“Who would really want to send an application into probation with these three at the helm?” prosecutor Robert Fisher asked before the jury began deliberations. He said, “There was no one who got a fair shake unless they had a sponsor.”

The hiring of Patrick Lawton, the scion of a prominent Brockton family, was deemed fraud, as was the hiring of Kelly Manchester, who was Sen. Mark Montigny’s girlfriend when she got a job at a New Bedford family court. Patricia Mosca, who allegedly sought out a probation job for its effect on her pension status, was hired based on a fraudulent process, the jury found, and Melissa Melia – who was hired after Cape and Island District Attorney Michael O’Keefe endorsed her candidacy – was also hired based on her political backing rather than her qualifications, the jury found. Mosca and Lawton no longer work for probation.

DeLeo’s godson Brian Mirasolo, who allegedly became one of the youngest chief probation officers in the state, was proven a fraudulent hire, which was wrapped into the racketeering charge but not included as a standalone fraud count. Four other hires recommended by Rep. Michael Costello, former Rep. Steven Walsh and former Sen. Fred Berry were not deemed fraudulent by the 12-person jury.

The trial put leaders of the state’s judiciary under the microscope, and the guilty verdict could underscore the message for lawmakers to stay out of the nitty gritty of personnel decisions. After an independent investigation into the probation department’s hiring, the Legislature passed a state law in 2011 limiting lawmakers’ roles making job recommendations.

Describing probation officers duties as “tough hard and critically important work,” Ortiz said the rigged hiring system “demoralized hard-working qualified employees” and “robbed the taxpayers.”

The prosecution’s case took 10 weeks of testimony, and the jury deliberated for about 50 hours before reaching the verdict. The defense, which engaged in heated cross-examination, elected not to call its own witnesses.

Tavares and O’Brien were convicted on four counts of mail fraud and acquitted on the four others. Burke was acquitted of all mail fraud counts. All three were convicted of conspiracy to commit racketeering.

Francis Wall, a former probation official, provided perhaps the most comprehensive view of the scheme, claiming he always manipulated scores and lied for O’Brien in arbitration proceedings while defense attorneys attempted to undercut him as a “serial liar.” The jury requested a transcript of Wall’s testimony on the first day of deliberations.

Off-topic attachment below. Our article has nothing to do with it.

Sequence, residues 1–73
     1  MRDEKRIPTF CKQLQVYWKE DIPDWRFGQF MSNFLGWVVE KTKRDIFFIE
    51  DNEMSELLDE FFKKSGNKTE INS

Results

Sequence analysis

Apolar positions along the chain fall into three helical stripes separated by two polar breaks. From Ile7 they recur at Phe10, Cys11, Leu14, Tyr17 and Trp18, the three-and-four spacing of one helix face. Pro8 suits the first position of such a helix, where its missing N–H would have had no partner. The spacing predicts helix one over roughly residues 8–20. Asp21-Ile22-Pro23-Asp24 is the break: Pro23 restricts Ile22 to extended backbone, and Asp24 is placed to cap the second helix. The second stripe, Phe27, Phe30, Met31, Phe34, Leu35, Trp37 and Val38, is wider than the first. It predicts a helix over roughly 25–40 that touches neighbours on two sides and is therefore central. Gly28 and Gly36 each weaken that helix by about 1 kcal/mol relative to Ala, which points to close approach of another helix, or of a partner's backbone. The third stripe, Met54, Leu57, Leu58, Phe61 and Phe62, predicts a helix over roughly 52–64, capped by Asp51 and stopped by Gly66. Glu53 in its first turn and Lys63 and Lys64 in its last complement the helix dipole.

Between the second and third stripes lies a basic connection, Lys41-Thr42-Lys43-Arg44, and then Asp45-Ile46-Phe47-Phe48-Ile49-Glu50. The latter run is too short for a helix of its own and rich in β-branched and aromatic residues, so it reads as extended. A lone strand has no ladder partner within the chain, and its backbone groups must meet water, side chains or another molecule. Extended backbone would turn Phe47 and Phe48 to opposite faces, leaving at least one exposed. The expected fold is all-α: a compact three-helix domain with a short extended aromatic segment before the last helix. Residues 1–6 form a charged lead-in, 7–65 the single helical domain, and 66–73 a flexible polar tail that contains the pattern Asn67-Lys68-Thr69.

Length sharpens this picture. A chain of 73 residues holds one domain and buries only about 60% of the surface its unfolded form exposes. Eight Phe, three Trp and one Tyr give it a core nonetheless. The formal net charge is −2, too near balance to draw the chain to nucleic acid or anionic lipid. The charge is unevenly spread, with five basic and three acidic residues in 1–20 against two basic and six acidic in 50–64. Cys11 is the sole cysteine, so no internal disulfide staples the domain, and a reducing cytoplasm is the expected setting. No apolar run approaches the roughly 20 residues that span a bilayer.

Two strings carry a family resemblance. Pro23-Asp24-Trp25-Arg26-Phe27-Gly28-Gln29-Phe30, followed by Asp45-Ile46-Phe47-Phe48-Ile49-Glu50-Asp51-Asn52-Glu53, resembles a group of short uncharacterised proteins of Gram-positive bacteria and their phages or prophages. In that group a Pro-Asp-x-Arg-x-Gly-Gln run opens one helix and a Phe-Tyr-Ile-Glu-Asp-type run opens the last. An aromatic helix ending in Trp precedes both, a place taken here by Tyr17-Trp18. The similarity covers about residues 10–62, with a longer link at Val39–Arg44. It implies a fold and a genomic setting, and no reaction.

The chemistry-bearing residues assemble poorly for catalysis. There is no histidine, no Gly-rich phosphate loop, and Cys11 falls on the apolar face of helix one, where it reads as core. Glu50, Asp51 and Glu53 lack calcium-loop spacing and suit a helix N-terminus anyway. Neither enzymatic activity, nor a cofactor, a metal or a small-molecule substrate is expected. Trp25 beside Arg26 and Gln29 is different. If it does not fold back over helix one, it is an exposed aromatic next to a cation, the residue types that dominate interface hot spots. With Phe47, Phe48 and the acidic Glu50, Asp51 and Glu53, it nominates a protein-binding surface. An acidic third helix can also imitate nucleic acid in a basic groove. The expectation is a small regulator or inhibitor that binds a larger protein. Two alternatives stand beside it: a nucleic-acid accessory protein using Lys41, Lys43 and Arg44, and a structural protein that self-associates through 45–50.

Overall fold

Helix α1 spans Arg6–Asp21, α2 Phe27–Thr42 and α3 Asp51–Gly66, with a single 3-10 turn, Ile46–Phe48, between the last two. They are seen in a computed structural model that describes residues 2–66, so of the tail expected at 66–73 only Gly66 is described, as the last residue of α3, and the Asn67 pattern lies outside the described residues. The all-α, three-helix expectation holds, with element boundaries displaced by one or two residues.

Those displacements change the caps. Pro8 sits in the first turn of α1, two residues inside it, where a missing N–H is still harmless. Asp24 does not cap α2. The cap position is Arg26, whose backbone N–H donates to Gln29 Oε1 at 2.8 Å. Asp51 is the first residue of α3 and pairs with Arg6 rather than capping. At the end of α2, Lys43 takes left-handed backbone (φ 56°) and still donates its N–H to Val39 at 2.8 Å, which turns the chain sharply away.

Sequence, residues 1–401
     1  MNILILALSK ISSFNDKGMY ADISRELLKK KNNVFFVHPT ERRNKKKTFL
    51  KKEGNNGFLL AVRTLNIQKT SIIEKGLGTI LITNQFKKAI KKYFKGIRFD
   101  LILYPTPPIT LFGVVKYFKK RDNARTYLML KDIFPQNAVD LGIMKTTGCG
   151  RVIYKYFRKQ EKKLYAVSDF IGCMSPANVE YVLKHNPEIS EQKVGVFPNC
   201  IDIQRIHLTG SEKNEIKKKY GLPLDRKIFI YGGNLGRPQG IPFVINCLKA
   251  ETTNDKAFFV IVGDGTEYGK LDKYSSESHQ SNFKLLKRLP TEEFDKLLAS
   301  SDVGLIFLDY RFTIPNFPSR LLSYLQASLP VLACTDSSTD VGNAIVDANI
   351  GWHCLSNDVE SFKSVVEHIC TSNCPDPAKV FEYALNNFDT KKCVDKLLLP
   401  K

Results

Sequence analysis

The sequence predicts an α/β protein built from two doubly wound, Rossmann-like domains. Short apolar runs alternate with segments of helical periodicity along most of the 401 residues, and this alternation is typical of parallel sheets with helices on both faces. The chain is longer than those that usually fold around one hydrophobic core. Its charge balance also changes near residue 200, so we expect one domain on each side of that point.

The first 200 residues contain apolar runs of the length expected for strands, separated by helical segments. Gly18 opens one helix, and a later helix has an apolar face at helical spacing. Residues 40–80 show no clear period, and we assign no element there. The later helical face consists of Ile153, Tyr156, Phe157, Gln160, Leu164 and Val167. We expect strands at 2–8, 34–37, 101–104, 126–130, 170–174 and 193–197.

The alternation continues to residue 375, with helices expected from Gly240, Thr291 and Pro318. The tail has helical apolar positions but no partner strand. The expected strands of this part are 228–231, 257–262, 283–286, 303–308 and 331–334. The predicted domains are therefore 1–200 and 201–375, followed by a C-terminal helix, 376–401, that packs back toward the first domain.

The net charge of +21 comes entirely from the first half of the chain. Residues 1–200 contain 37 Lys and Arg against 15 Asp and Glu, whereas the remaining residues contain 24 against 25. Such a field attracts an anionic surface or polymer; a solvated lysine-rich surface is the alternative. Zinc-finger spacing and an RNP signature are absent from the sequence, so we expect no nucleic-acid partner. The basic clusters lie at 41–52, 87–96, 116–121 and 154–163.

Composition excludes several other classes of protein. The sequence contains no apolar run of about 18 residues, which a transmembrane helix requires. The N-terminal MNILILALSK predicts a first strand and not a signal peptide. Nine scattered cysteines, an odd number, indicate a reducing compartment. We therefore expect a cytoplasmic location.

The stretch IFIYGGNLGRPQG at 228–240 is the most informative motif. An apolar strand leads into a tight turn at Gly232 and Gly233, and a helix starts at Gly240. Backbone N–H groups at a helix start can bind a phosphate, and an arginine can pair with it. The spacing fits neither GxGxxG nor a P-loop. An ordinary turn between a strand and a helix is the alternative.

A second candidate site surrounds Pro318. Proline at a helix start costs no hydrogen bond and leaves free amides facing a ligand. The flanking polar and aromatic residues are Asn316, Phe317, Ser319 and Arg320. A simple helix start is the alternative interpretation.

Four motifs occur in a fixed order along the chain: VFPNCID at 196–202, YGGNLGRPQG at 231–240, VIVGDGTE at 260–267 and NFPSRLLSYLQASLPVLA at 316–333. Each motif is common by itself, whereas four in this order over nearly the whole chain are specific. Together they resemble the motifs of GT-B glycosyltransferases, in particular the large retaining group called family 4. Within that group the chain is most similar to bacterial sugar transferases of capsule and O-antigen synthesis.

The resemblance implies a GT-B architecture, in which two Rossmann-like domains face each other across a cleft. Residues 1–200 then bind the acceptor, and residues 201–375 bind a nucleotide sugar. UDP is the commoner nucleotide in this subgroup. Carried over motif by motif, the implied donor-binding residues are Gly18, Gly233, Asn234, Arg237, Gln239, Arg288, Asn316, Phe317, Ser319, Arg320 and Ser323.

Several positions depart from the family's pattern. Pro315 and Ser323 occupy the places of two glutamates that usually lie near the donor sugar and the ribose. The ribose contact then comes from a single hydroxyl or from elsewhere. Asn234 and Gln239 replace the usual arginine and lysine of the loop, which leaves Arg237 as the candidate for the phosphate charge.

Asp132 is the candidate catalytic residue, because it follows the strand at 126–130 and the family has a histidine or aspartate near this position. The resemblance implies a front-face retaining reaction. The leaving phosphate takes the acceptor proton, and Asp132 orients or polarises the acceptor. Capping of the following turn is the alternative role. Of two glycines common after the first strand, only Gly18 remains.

The latter days of the trial featured a full-throated public dispute between several prominent members of the House of Representatives and the U.S. Attorney’s office, which opted against public statements while accusing DeLeo in the courtroom of passing out bribes, in the form of probation jobs for state representatives.

“The old saying is where do you go to get your reputation back?” House Minority Leader Brad Jones asked the Boston Globe.

“I know that there have been many comments stated in the media, but we’re not trying this case in the media,” Ortiz said.

The verdict, which arrives seven weeks before the primary elections, is likely to send a ripple through the corridors of Beacon Hill and around the state.

“Realization that some of these released inmates have been under the tutelage of underprepared and likely incompetent probation officers, qualified only by their political connections, is disturbing to the point of disgust,” wrote Dr. Joseph Gerstein, the founding president of SMART Recovery Self-Help Network, in a recent letter to the Globe.

Capitalizing on the corruption that bloomed during Democratic control of the Legislature, the Massachusetts Republican Party started selling T-shirts with the message, “I applied for a probation dept. job and all I got was this lousy T-shirt.”

The possibility remains that federal prosecutors could go to trial on additional charges, which Judge William Young had severed from the trial that ended Thursday. Those additional federal bribery charges relate to the same alleged trading of jobs for votes.

“I think it unlikely that the severed charges will ever be tried,” Boston attorney Tom Hoopes, a fellow of the International Academy of Trial Lawyers, wrote in an email to the News Service. “The case,” he wrote, “regardless of the charges – is being decided here and now.”